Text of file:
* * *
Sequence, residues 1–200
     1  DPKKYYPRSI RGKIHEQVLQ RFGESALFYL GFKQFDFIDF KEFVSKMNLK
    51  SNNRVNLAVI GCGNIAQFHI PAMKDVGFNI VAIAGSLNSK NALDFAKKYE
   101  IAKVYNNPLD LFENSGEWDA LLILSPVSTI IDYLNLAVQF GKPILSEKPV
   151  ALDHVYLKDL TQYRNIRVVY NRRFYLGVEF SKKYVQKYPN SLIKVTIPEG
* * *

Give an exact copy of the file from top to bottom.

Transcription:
Sequence, residues 1–200
     1  DPKKYYPRSI RGKIHEQVLQ RFGESALFYL GFKQFDFIDF KEFVSKMNLK
    51  SNNRVNLAVI GCGNIAQFHI PAMKDVGFNI VAIAGSLNSK NALDFAKKYE
   101  IAKVYNNPLD LFENSGEWDA LLILSPVSTI IDYLNLAVQF GKPILSEKPV
   151  ALDHVYLKDL TQYRNIRVVY NRRFYLGVEF SKKYVQKYPN SLIKVTIPEG